The Double Effect of Rules and Standards: On Graham, Minimalism and Judicial Control
41 Pages Posted: 23 Jan 2011 Last revised: 12 Dec 2017
Date Written: January 21, 2011
Graham allows us a close look at minimalism, the emerging judicial philosophy of Chief Justice Roberts. Conservative minimalists support decisions based on standards, because they assume that rules denote control while standards mean letting go in terms of Supreme Court supervision over lower courts' decisions.In this article, we argue that this assumption is only partly true. By distinguishing between what we term "vertical control" and "horizontal control," we show that rules and standards have a double effect in terms of retaining control – both positive and negative. Rules allow the Court control over lower courts' decisions (vertical control), but also limit control over its own future decisions (horizontal control). Standards have the opposite effect - they retain control over the Court’s future decisions (horizontal control), but let go of control over lower courts' decisions (vertical control). We further show, using comparative examples, that the extent of control (horizontal and vertical) depends on several contingent variables: the size of the legal system, the size of the Court's docket, the cohesiveness of the Court, and whether the Court sits in panels or en banc. Lastly, we maintain that standards do not fit with the ideological underpinning of conservative minimalism. This is so since standards can be, and often are, (1) broad and deep rather than narrow and shallow; (2) based on a conception of epistemological conceit rather than epistemological modestly; and (3) based on a conception of activism and rule-by-judges rather than judicial restraint and pluralistic democracy. The use of standards by conservative minimalists, we conclude, often results in incoherency.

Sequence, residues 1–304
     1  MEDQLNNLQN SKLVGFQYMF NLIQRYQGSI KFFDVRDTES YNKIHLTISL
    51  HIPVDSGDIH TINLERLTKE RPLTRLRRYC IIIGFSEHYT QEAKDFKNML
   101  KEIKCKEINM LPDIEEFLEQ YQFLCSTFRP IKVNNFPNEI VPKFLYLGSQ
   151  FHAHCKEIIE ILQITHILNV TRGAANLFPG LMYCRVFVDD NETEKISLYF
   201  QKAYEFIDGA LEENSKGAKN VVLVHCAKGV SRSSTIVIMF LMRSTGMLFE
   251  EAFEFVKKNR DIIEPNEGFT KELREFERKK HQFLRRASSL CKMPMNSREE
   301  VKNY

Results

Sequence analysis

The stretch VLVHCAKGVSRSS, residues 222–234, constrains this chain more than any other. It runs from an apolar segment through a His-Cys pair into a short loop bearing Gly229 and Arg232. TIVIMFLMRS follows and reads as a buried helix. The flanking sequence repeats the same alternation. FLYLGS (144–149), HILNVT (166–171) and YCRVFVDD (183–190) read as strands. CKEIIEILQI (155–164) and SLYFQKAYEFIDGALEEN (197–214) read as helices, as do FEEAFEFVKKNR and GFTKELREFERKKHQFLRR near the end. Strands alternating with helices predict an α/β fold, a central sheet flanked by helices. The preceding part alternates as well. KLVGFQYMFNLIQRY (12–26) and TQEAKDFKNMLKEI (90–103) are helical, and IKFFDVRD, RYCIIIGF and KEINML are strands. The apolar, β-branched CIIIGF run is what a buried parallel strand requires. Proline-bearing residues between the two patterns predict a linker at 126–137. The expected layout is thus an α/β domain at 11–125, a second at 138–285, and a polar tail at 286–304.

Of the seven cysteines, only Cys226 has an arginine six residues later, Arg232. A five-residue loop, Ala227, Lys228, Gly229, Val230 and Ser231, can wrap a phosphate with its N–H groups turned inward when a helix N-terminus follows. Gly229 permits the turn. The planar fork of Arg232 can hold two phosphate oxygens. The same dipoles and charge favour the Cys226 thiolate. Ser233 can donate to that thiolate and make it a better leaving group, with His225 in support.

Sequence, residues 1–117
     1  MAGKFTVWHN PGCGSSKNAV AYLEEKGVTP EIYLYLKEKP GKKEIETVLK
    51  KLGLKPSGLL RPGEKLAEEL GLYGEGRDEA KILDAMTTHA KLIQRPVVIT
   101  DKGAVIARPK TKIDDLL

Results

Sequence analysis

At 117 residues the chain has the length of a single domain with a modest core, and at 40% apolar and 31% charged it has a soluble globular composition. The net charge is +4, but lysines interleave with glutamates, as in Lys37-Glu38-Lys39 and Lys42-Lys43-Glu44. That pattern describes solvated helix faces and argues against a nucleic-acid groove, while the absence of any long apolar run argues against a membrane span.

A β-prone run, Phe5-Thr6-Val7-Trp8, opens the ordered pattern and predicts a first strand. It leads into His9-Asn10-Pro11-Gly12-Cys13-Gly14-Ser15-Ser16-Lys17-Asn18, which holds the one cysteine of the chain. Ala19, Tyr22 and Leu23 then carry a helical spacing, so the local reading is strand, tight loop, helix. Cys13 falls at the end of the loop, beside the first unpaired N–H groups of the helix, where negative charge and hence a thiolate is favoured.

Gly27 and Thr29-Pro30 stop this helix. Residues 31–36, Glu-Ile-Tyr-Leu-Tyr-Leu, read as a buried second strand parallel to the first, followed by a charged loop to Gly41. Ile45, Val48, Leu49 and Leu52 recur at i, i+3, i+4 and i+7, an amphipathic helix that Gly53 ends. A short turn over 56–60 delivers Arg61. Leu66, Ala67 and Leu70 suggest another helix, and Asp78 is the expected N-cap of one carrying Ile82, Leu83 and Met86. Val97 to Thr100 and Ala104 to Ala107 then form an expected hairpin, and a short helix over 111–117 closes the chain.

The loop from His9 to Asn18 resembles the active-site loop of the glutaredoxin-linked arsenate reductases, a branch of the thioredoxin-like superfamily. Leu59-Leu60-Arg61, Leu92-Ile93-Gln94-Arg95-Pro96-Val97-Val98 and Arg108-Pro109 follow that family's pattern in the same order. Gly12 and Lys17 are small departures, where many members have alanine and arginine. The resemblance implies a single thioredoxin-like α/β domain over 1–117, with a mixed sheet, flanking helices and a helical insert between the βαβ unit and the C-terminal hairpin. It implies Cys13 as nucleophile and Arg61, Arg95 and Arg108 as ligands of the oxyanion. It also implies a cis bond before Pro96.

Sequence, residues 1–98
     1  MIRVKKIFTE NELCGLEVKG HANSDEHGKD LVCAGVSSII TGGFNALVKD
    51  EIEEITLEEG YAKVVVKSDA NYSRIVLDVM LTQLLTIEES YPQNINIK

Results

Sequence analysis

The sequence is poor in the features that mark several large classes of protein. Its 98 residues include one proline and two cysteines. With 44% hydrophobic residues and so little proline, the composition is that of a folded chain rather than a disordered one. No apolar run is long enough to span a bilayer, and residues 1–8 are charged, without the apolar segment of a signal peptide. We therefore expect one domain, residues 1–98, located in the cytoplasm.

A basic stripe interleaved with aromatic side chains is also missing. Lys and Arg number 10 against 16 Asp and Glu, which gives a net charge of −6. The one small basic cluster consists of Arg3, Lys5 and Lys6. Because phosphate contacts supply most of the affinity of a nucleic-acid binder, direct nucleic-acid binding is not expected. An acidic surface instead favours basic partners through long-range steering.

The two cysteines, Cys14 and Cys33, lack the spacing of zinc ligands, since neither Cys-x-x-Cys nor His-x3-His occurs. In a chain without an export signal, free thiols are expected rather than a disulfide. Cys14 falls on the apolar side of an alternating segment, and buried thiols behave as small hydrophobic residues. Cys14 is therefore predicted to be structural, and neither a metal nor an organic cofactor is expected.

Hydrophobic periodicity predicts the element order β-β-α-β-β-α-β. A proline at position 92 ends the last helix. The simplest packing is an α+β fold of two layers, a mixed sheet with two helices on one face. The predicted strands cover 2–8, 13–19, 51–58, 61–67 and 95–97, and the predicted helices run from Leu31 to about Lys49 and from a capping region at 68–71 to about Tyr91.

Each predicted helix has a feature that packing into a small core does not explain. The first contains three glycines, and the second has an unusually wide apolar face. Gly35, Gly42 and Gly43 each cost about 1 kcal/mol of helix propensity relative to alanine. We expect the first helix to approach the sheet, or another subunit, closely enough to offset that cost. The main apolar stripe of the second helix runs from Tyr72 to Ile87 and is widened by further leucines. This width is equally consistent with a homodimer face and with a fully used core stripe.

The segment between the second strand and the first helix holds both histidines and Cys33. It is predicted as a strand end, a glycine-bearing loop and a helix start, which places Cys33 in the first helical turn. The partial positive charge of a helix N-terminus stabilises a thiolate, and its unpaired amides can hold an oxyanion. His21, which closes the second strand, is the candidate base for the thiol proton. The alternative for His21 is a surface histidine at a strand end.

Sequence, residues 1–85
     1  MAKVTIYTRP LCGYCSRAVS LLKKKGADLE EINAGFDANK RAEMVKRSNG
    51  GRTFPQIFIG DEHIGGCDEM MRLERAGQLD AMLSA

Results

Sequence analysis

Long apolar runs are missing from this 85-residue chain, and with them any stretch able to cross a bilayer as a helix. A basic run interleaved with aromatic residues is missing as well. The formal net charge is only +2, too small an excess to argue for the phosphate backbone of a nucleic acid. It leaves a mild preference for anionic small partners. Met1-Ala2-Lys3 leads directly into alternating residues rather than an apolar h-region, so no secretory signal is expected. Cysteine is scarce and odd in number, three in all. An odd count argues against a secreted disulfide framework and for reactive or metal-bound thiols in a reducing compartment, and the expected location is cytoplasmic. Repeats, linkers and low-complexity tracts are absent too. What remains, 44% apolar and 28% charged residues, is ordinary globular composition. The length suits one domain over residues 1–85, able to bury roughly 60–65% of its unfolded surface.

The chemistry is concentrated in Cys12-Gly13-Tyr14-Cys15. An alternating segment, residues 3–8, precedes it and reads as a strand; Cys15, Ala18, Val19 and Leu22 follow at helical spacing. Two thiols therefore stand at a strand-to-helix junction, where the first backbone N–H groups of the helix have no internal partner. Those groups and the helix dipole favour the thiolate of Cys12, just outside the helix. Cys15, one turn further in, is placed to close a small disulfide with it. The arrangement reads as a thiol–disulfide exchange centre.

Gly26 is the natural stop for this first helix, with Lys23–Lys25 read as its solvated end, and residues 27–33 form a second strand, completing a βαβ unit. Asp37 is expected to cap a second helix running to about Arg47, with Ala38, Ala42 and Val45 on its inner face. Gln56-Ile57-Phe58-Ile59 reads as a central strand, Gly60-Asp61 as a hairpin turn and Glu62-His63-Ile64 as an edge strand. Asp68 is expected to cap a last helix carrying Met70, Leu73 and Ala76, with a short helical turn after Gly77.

Keywords: standards, rules, proportionality, minimalism, Sunstein, control, death penalty, Barak Roberts
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